Image for How do they score? We rated the new privacy policies of all the major parties – and every single one failed on key best practices.
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How do they score? We rated the new privacy policies of all the major parties – and every single one failed on key best practices.

Canada’s political parties have failed to meet basic privacy expectations. Now we’re calling on them to protect personal information and empower citizens. 

Canada’s political parties have just failed a big opportunity to protect the highly private data they hold on us. 

Canada’s recently-passed Elections Modernization Act requires that all federal political parties  have a policy for protecting the personal information of Canadians, and to publish these plans on their websites.

The Act falls short of the past recommendation of Canada’s Privacy Commissioner, privacy experts and civil society groups, which recommended making Canada’s political parties subject to existing federal privacy law, the Personal Information Protection and Electronic Documents Act (“PIPEDA”), but politicians voted down amendments that would have better protected our data.

To help restore trust that parties will respect privacy rights, Canada’s own Chief Electoral Officer and the federal Privacy Commissioner issued a set of guidelines for what these policies should contain.

But frighteningly, when the deadline for posting the policies was up, we reviewed the parties’ new policies against key recommendations – and not a single party even came close to meeting these basic best practices.

Image of scorecard ranking political parties privacy policies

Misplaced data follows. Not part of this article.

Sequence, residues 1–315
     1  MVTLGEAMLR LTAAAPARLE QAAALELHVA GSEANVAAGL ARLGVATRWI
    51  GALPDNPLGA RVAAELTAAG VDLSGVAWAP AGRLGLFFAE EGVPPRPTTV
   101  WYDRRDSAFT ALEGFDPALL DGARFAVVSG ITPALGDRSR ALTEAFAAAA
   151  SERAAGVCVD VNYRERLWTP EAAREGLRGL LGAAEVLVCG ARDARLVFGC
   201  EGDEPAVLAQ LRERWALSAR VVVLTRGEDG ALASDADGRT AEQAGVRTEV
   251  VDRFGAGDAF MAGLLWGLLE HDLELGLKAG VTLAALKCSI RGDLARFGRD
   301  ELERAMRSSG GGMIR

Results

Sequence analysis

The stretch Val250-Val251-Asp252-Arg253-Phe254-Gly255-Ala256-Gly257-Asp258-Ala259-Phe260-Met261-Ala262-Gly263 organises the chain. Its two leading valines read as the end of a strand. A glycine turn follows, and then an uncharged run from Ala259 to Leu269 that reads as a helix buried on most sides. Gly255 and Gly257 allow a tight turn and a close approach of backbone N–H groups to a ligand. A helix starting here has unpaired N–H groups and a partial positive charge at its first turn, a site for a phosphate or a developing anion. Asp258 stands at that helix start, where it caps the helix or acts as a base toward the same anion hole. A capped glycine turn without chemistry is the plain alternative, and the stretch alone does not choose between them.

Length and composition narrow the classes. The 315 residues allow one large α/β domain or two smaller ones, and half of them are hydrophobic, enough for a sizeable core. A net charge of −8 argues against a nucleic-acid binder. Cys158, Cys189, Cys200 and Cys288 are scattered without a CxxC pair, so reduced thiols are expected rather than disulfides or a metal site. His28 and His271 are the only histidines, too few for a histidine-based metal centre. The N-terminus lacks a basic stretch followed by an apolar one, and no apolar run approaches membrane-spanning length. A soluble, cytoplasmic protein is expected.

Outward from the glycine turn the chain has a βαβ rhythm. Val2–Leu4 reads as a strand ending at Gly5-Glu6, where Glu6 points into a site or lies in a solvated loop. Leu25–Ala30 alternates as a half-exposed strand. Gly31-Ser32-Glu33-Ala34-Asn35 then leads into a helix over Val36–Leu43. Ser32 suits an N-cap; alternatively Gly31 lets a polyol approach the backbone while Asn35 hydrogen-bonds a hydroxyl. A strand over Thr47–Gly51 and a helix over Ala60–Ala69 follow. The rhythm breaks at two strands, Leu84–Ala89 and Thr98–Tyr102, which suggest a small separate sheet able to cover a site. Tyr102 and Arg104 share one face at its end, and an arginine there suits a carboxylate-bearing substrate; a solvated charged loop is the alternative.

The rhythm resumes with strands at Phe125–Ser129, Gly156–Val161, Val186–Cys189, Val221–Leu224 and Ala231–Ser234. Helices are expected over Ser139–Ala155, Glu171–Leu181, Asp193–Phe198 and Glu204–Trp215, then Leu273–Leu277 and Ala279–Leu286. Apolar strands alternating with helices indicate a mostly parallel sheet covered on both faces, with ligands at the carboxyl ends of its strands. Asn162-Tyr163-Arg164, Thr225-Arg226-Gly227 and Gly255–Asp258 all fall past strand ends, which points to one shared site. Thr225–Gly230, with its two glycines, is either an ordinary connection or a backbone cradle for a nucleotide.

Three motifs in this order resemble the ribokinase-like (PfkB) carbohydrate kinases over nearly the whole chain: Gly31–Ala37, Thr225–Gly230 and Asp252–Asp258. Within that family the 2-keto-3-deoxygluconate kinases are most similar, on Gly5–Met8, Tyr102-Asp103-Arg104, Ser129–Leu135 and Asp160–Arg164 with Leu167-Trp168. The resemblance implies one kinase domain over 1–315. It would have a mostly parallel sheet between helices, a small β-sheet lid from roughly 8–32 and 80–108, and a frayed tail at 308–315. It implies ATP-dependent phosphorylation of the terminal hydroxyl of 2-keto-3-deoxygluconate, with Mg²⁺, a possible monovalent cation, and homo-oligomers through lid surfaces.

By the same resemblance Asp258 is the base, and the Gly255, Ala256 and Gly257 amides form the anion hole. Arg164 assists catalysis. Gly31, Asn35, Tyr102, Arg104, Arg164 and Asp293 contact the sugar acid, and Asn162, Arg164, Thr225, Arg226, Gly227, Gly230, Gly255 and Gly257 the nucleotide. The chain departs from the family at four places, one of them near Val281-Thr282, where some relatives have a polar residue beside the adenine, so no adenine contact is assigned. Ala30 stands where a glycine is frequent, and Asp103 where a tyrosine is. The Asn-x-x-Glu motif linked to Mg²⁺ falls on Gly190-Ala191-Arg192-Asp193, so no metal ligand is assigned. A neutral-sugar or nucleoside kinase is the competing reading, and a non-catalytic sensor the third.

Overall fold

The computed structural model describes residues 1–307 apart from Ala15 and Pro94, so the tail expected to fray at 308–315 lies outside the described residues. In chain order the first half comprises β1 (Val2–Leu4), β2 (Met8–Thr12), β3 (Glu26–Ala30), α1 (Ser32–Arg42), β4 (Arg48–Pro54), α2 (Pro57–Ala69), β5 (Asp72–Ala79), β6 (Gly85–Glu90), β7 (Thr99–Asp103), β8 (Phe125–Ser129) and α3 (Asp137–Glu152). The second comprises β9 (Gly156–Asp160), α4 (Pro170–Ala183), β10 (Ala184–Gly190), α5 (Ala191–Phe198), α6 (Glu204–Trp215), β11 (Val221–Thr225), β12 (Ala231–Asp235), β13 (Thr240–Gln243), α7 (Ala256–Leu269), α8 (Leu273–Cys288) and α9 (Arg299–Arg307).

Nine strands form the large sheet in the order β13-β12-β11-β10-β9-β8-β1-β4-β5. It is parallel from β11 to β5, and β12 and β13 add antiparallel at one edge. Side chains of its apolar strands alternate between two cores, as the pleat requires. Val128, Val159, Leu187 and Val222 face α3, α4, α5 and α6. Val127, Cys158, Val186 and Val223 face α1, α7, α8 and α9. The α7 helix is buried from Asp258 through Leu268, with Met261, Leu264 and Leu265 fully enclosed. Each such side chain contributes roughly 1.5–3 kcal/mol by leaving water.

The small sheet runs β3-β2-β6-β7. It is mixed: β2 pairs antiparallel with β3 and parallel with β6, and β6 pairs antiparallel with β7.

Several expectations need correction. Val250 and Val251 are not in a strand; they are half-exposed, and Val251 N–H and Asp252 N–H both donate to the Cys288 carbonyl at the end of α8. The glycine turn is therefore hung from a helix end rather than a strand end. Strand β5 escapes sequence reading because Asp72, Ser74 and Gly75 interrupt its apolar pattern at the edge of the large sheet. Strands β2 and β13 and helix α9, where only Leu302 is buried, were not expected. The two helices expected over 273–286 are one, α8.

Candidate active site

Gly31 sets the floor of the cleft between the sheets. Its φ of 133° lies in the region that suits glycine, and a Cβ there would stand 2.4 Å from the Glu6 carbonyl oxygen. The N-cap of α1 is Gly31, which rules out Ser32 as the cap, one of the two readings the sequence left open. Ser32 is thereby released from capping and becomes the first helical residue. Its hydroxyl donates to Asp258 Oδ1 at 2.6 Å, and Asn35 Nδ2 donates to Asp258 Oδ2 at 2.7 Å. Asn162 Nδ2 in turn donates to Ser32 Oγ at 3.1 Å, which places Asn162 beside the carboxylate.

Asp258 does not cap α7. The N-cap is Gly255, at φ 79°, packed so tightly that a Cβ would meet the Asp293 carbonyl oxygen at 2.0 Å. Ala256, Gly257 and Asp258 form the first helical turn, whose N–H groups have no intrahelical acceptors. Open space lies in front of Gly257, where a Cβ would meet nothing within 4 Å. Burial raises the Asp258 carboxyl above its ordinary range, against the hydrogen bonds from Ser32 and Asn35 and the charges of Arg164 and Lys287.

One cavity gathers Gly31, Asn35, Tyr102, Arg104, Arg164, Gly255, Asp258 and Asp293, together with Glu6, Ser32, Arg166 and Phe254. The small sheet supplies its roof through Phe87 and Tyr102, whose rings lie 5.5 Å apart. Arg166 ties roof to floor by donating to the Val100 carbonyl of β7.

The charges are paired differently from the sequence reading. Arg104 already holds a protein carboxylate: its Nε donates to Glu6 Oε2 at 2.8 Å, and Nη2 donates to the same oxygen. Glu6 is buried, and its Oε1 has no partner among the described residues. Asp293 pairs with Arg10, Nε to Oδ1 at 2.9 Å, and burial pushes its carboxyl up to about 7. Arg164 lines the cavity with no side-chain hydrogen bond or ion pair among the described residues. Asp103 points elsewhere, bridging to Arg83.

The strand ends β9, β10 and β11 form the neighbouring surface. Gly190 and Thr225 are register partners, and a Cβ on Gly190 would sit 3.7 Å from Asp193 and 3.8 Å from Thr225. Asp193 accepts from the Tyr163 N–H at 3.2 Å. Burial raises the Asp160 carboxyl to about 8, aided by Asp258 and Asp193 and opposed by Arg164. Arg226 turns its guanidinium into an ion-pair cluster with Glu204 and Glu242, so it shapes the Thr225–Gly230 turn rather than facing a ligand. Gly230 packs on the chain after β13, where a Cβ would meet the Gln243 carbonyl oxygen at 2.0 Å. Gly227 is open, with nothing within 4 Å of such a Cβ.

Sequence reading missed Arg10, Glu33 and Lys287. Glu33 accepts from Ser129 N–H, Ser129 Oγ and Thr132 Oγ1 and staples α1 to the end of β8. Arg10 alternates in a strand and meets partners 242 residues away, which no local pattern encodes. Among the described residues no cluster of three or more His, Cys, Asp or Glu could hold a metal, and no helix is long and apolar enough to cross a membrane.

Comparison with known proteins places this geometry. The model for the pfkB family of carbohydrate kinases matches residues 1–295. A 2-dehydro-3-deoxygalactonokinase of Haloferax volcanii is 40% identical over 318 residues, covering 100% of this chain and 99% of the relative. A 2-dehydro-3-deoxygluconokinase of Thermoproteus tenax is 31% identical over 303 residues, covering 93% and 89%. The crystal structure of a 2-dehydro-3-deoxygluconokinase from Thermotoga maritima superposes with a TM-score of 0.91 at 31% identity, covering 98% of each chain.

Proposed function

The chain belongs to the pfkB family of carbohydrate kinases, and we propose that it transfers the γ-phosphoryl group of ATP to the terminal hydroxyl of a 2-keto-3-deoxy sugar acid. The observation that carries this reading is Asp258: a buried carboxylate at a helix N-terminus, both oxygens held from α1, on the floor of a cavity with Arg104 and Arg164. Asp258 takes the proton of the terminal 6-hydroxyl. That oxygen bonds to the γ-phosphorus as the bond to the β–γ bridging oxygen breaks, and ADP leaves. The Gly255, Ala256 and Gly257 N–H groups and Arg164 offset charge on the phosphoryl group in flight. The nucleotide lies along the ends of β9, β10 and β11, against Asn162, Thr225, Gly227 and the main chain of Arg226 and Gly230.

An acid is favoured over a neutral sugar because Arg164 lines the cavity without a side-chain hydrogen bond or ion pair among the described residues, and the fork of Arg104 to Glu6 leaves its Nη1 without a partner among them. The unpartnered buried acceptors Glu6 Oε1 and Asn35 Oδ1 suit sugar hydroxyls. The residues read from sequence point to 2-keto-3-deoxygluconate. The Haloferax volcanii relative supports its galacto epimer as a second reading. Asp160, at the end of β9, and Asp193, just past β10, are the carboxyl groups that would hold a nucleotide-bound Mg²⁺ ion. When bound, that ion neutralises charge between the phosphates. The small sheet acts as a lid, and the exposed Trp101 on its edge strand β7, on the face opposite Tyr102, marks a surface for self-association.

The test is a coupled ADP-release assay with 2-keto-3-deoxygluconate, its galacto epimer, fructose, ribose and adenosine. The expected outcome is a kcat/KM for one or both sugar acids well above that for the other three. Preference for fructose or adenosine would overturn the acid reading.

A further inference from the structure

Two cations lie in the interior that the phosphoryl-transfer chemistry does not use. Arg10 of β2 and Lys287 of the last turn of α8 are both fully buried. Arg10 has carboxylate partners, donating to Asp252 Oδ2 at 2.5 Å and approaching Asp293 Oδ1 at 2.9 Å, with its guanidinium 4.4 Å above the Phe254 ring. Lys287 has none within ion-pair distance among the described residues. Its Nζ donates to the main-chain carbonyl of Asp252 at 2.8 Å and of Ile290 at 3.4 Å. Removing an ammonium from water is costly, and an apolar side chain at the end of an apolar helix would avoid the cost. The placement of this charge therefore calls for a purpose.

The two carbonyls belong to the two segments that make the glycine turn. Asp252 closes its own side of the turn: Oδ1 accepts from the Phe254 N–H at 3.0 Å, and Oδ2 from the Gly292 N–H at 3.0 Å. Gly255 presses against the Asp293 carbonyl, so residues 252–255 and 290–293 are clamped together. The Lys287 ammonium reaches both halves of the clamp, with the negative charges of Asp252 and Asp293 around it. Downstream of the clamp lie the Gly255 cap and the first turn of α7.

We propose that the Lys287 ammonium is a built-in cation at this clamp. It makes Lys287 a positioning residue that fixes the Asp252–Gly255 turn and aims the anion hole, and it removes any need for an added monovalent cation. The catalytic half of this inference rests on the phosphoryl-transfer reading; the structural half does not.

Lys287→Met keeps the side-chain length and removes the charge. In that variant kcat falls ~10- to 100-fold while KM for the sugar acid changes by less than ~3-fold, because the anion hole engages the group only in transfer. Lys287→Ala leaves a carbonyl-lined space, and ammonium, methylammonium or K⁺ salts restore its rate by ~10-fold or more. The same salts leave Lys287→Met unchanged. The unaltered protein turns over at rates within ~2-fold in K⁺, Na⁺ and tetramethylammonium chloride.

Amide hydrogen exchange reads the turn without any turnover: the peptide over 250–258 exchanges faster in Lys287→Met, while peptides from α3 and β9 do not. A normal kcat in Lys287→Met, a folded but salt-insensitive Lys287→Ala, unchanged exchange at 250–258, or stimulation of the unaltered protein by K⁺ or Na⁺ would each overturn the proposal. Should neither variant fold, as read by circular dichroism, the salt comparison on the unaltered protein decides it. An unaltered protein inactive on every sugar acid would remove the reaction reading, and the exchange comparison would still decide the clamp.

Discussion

For some guidelines, many parties do not meet the requirements at all – such as informing individuals if they have been subject to a data breach. In other cases, only a portion of a guideline may have been addressed. An example of this is the guideline to ‘allow individuals to access and correct your personal information.’ While individuals are all allowed to correct their information, no parties actually allow users to access their information – therefore rendering any potential corrections impossible, as users do not know what information they need to correct.

It’s clear that we can’t trust the parties to regulate themselves. The low standards they've set for their treatment of our data just won't cut it.

In the wake of the Facebook and Cambridge Analytica scandal, the constant talk of misinformation, and the growing number of severe data breaches affecting people in Canada, our political parties should see the value in stepping up to embrace transparency and data protection.

We’re calling on Canada’s party leaders to commit to reforming our privacy laws to ensure political parties are held accountable, as part of their 2019 election platforms.

Join that call by sending a message to party leaders and writing a letter about this in your local paper.  And make sure to ask any candidates and party representatives in your local area about their party’s stance on this - and tell them why it’s an election issue for you.

With the federal election looming in October, we have a huge chance to fix this issue. If enough of us speak out right now, we can show the party leaders that votes are riding on their willingness to take action to protect our privacy. 


Read more about our scoring methods here

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